At last the weather has started to turn colder, we are starting to see snow and what comes hand in hand with winter? a massive cold and flu outbreak. It begins slowly, when you notice someone is coughing and sniffling on the train. But before you even realise that the virus is spreading, you look around at work and everyone around you is sick. You cannot hide from it, wherever you go people are coughing and spluttering. You can take all preventative measures one can think of, only to wake up one day with the common “I have swallowed razor blades” feeling. That’s when you realise the common cold has caught you, once again.

Tips to avoid getting sick this winter

Reduce sugar intake- 

Reducing your sugar intake is undoubtedly one of the best diet tips for preventing the common cold. There is strong scientific evidence proposing that sugar decreases the function of the immune system.

“The maintenance of lowered blood glucose levels […] may provide a clinical method of enhancing the body’s defences against infection. […] We found that sugars impaired the neutrophils [a type of white blood cells]to engulf bacteria. […] Thus, diet may play a key role in the control of resistance to infection.”

Role of sugars in human neutrophilic phagocytosis, American Journal of Clinical Nutrition

The results of the study tie in with another negative side-effect of sugar: scientific research has shown that the consumption of sugar can lead to increased inflammation in the human body. Increased inflammation is linked to a hole host of chronic diseases including diabetes and cardiovascular disease. In addition, sugar can deplete the body of some very important cold-fighting vitamins, including vitamins C, E and B.

Boost your immune system with ginger tea

Ginger’s been used for centuries to relieve a sore throat and loosen up congestion due to a cold. Get into a regular habit of drinking one or two cups of ginger tea daily. Admittedly. Some find the taste of ginger tea takes a little getting used to, because it has a rather potent flavour. However, you will quickly adopt, especially when you start to notice how effective this tea is. Whilst drinking the tea you will feel a comfortable warmness spreading through your body. In Ayurvedic medicine, ginger is highly regarded, it is believed to help the body sweat out toxins, improve immunity and cleanse the lymphatic system.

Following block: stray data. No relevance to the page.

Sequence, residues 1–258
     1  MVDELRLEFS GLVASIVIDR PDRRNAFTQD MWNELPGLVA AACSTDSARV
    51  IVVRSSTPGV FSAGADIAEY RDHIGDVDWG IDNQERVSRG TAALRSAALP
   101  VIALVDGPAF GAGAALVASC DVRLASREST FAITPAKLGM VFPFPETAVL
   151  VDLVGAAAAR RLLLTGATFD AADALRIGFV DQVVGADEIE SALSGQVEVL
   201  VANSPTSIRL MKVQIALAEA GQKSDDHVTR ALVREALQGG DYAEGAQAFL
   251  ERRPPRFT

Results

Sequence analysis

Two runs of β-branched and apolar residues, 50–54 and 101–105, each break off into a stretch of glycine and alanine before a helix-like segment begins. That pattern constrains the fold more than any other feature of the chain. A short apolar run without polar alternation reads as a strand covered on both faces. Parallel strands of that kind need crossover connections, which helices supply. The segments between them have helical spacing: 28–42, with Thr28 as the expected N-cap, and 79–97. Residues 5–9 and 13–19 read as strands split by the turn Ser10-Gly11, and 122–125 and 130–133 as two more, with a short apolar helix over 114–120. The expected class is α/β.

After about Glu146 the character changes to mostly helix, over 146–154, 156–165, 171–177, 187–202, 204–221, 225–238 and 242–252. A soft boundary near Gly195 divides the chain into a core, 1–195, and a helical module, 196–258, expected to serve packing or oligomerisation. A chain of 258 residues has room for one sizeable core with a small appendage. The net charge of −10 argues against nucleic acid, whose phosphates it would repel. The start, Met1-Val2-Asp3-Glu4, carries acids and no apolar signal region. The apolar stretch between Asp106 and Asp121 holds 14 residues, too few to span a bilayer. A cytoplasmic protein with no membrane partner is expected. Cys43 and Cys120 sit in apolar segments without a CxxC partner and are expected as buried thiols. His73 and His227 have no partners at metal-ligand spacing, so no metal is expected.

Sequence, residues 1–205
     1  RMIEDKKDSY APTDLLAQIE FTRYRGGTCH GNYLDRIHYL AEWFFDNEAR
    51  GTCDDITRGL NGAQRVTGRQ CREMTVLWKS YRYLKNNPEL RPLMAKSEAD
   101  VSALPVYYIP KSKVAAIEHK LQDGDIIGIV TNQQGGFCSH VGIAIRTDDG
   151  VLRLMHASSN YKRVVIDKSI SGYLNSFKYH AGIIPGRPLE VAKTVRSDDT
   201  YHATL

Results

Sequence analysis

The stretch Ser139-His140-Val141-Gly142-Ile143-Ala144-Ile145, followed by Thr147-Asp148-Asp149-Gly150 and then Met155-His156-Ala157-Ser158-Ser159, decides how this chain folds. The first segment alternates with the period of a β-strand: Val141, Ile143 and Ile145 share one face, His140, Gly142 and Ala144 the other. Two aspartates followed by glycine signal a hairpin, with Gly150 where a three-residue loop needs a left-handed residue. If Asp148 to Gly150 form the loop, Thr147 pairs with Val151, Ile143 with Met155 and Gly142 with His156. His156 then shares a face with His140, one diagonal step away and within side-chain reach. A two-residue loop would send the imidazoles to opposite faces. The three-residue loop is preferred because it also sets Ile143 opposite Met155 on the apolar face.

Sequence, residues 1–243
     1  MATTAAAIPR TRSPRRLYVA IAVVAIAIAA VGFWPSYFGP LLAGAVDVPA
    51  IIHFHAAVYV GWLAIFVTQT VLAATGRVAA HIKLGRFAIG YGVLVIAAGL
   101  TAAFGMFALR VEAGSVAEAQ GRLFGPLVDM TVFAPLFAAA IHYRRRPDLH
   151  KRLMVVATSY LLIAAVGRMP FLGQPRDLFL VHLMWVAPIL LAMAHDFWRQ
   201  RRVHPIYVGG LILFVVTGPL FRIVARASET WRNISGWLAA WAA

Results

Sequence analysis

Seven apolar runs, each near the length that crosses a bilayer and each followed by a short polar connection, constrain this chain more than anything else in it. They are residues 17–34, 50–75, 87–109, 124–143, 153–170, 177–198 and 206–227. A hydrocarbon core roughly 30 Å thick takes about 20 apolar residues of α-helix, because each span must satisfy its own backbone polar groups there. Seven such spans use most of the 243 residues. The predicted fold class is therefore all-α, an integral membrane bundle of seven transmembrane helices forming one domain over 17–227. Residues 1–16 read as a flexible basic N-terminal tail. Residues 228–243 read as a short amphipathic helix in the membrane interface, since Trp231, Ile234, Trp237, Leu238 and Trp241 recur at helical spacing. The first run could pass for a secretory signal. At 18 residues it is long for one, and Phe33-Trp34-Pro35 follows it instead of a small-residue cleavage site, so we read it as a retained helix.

Drink bone broth

Grandma knew best! Homemade bone broth is rich with easily absorbable minerals such as magnesium, phosphorus, sulphur, and trace minerals difficult to obtain elsewhere.

Eat fermented foods and/or take probiotics

70-80% of our immune system is in our gut. If you have intestinal dysbiosis or poor gut flora, you’ll be more susceptible to viral and bacterial infections (and colds and flus).

Be sure to get enough vitamin D

Vitamin D appears to have protective effects against colds and other respiratory tract infections, especially in people with asthma and other chronic lung conditions. Vitamin D is a fat-soluble vitamin that can be obtained through diet by eating foods like liver, egg yolks and fish.

Consume mushrooms

These have been used across the world for centuries to help modulate the immune system. Mushrooms increase the activity of our protective white blood cells. Shiitake, maitake and reishi pack the biggest punch.

Increase foods high in vitamin C

Vitamin C is believed to be incredibly helpful, especially when you are coming down with a cold. As a result of this, many people increase their vitamin C intake when they feel a cold approaching. If you are going to take a vitamin C supplement studies have shown that liposomal vitamin C is the most effective form. This is because the compound can be absorbed by cells more easily, thus increasing the bioavailability of the vitamin C drastically, while avoiding some of the negative side-effects of vitamin C.

Sleep and rest

Getting sufficient sleep and rest is perhaps the most important thing you can do to optimise your immune function. Just a few nights of not sleeping well can raise inflammatory markers and reduce the protective capability of your immune system. That’s why it’s a good idea to go to bed earlier, sleep longer and rest more in the winter season.


Sometimes despite our best efforts, a virus slips through our defences and our immune system gets called into action. Here are a few things in addition to the above that you can to do fight off the cold or flu and shorten its lifespan.

  • Sweat: in Chinese medicine, sweating is recommended at the early stages of a cold. The best way to do this is to take a hot bath, a Epsom salt bath is a great choice as it supports your lymphatic system. Remember do not train, sweating it out at the gym will be no help at all!
  • Add cayenne pepper to food and drinks.
  • Increase probiotic intake.
  • Sleep, rest, and sleep some more. Again, there’s no better remedy for a cold or flu than rest so get to bed early.